If you’re considering starting a welding career, don’t hesitate! Welding has many benefits, and it can be a rewarding career. You’ll be able to earn decent wages because there are so many construction projects and infrastructure projects that need welding services.
However, there are occupational health and safety risks in this career. Therefore, it’s paramount to have appropriate training, safety equipment, procedures, and strict adherence to Occupational Health and Safety guidelines.
If a career in this industry interests you, I will give you 13 things you can expect from this field!
Is Welding a Good Career?
Welding can be an excellent career for anyone willing to brave the hot flame, dirt, and grime. Welding is a stable job with good pay and steady demand. A high school diploma or certification and apprenticeship training are necessary for this job. However, one must have talent and a passion for metalwork to succeed in this industry! Lastly, you must strictly follow the health and safety guidelines.
If you’re interested in a welding career but aren’t sure what you may get into, keep reading to know more!
1. Fabrication Process
Welding is a fabrication process to create a connection between two or more elements using force, heat, or even both.
A welder joins metal elements to form a final piece that fulfills a customer’s requirement. Welders need physical strength and expertise to handle hazardous and heavy welding equipment.
Overall, welders can work in various areas, including construction, steel, aviation, and automotive, depending on their level of competence.
Welding is a good career choice if you like hands-on and physical work. Additionally, a profession in welding can be fulfilling if you can deal with challenging situations, long hours, and smoke and heat.
Welders have a stable demand due to the growing market, making them one of the more stable careers available.
Although welding may not be suitable for everybody, it can be a profitable and rewarding job.
However, because welding is a physically demanding activity, you need to be in good physical shape and able to stoop, bend, or stretch while working!
Anyone looking for a career with job security and many possibilities should consider welding. You will learn how to use high-tech equipment and work on any part of a vast array of products in nearly any industry.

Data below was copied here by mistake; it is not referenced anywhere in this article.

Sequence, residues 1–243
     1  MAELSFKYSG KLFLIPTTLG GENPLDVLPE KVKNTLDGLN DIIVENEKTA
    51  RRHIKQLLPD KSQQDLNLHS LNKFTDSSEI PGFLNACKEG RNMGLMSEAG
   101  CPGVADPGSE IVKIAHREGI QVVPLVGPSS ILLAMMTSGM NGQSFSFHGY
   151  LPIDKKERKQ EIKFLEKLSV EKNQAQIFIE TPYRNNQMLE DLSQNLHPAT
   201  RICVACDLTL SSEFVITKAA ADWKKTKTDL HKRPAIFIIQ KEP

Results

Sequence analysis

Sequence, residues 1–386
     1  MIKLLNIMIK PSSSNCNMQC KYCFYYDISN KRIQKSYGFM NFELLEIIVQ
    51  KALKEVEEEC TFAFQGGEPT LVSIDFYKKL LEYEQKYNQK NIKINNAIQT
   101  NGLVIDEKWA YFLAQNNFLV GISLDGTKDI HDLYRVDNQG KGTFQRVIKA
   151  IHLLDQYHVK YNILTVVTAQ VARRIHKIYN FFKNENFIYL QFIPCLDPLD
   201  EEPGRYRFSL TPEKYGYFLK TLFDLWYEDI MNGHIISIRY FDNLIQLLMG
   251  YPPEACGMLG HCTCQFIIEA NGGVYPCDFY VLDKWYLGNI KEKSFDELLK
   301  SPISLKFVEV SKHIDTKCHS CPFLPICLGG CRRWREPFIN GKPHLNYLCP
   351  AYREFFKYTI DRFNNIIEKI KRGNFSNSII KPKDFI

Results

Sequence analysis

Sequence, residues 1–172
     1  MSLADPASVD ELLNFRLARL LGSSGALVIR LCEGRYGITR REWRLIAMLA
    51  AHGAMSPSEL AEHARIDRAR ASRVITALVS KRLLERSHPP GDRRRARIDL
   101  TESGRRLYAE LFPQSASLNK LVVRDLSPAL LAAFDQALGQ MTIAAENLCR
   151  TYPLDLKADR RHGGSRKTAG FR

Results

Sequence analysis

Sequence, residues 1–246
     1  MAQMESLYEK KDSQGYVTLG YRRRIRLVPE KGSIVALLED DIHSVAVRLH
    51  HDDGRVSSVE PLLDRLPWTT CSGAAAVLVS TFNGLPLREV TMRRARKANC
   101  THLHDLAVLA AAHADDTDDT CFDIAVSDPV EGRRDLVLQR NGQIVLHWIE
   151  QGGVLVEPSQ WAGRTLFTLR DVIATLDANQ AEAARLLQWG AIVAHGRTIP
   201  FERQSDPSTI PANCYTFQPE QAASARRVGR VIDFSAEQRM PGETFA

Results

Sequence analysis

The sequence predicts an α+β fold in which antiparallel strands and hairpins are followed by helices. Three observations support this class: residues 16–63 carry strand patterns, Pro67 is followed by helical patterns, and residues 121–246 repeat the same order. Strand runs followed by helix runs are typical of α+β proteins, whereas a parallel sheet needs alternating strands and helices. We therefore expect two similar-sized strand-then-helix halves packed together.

3. Salary and Job Outlook
With an average yearly entry-level salary of over $43,910, welding is one of the top-earning technical jobs in the world.
Many fresh apprentices and welders earn between $16 and $20 per hour. Meanwhile, the highest-paid welder reaches six figures. Apprentices earn an average of $20,000 per year.
On the other hand, the aviation industry pays higher compensation for welders such as cutters, solderers, and brazers. In general, they earn over $66,250.
However, the top-paying industries pay $87,000 to $92,130 annually and include
- electric power generation and distribution
- natural gas distribution
- pipeline transportation of crude oil
According to the Office of Labor Statistics, the employment outlook for welders is promising in the following years.
Over 476,000 new welders will gain employment this decade.
There are many jobs in manufacturing, repair and maintenance, and construction.
4. Reliable Work
Professional welders perceive welding as more than simply attaching two pieces of metal. Instead, it is a union that serves as a connection and an artistic creation equally.
Seeing pieces of metal evolve into something you can grasp, a thing you might use, or a structure you can present to someone and say, “I helped construct that,” is a satisfying experience for these professionals.
These craftspeople exhibit
- creativity, and
They are strongly committed to the development of their trade. They are innovators and blue-collar workers!
5. High School Diploma and Certifications